Critical Care Nursing Expertise During Air Transport


Name: Darla Topley

Rank: Capt, USAF

Organization: The Geneva Foundation

Performance Site: Wilford Hall Medical Center, Lackland AFB, San Antonio, TX

Year Published: 1997

Abstract Status: Final


A new concept in the Air Force's Aeromedical Evacuation (AE) has emerged over the past two years, the Critical Care Air Transport Team (CCATT). CCATT has been developed to extend the capabilities of aeromedical transport of critically ill or injured patients. Critical Care nurses play a vital role on the CCATT, however that role extends beyond the typical hospital critical care and aeromedical evacuation positions. Due to the unique nature of the CCATT concept, there is little in the way of literature or standards to guide nursing. The purpose of this study is to describe CCATT nurses' practical (experiential) knowledge when assessing and treating critically ill patients during transportation by air. The specific aims of this study are to: 1) describe expert nurses' practical knowledge in the assessment and treatment of critically ill patients during critical care air transport; and 2) distinguish salient features of expert nurses' knowledge of critical care in the air and compare to critical care nursing in the hospital setting. Collecting and analyzing these data will enable us to answer the following questions: What are the common nursing problems experienced by critically ill patients during air transport? What are the salient features of CCATT nursing assessment? To what extent does traditional critical care nursing knowledge translate to the AE environment? What aspects of providing critical care are particular to this situation? To address these questions, this exploratory, descriptive study will use interpretive phenomenology using written narratives, group interviews, participant observation and individual interviews, and review of inflight documentation of care. Purposive sampling of 12 experienced CCATT nurses will be used. Data will be transcribed and entered into a qualitative research computer program. Data analysis will begin concurrently with data collection. Recurrent themes and patterns of meaning will be identified by the investigators, thematic analysis will be done to clarify common meanings and low inference descriptors will be used.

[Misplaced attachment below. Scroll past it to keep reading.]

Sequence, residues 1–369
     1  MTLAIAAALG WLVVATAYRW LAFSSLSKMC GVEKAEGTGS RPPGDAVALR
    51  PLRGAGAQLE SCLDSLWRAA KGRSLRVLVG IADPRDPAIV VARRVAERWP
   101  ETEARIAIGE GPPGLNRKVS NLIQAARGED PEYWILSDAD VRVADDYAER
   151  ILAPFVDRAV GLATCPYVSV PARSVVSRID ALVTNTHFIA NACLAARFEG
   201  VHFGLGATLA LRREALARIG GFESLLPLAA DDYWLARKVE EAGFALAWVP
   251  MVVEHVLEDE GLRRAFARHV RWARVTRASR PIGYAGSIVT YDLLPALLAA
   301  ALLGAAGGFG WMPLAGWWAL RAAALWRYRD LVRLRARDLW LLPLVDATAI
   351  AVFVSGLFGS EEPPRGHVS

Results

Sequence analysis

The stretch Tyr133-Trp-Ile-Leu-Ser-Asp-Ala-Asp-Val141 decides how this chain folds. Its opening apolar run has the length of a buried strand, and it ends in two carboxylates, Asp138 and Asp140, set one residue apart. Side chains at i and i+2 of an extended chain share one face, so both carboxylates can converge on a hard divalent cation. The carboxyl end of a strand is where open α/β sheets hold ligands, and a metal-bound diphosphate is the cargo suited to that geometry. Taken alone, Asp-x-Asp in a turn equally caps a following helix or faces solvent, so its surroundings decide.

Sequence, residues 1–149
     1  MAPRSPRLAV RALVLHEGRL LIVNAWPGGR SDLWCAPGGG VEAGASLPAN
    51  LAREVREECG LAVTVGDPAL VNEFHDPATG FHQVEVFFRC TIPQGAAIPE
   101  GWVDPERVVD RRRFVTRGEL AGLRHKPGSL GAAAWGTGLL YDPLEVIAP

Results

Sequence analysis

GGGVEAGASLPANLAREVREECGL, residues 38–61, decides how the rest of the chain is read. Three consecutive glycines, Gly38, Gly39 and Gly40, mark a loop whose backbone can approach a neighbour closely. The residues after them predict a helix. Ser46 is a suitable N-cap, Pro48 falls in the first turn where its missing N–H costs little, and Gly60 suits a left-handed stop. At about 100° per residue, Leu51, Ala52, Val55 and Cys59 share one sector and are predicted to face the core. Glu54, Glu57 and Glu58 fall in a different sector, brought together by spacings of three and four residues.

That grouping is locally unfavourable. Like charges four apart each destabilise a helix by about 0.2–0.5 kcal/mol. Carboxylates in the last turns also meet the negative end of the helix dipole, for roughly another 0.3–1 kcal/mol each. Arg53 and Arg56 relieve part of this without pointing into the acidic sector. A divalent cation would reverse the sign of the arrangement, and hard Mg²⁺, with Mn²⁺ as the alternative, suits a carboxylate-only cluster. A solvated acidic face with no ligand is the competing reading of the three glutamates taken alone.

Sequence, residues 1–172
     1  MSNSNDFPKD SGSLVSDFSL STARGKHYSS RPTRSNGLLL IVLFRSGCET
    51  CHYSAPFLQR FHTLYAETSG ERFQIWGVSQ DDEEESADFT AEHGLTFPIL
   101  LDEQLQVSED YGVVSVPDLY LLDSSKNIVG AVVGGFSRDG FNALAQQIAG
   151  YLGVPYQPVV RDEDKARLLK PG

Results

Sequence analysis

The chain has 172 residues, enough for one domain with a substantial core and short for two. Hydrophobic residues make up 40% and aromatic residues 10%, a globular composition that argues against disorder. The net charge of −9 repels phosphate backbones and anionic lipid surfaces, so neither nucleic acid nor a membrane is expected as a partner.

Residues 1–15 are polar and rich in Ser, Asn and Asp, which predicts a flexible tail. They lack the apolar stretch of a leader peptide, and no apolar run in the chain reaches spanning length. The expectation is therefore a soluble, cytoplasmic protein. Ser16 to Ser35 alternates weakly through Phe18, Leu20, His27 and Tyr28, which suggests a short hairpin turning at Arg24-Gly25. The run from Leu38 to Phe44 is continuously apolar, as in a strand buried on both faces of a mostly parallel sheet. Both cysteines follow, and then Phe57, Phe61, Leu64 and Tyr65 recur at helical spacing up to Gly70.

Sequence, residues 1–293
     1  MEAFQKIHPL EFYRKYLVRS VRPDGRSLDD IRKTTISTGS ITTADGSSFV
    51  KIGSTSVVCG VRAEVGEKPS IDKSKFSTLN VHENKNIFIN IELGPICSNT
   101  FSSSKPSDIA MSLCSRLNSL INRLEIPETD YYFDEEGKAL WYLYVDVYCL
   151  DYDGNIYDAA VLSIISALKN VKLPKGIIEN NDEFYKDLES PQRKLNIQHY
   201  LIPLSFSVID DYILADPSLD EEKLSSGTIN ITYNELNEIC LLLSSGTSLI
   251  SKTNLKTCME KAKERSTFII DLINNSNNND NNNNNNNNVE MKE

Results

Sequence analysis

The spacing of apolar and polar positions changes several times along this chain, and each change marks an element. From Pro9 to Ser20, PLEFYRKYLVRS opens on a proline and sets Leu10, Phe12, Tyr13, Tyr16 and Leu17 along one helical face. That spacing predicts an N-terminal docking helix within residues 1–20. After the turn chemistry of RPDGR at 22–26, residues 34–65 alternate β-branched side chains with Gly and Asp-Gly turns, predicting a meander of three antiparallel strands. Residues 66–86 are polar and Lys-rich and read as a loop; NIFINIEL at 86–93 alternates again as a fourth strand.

Final report is available on NTRL: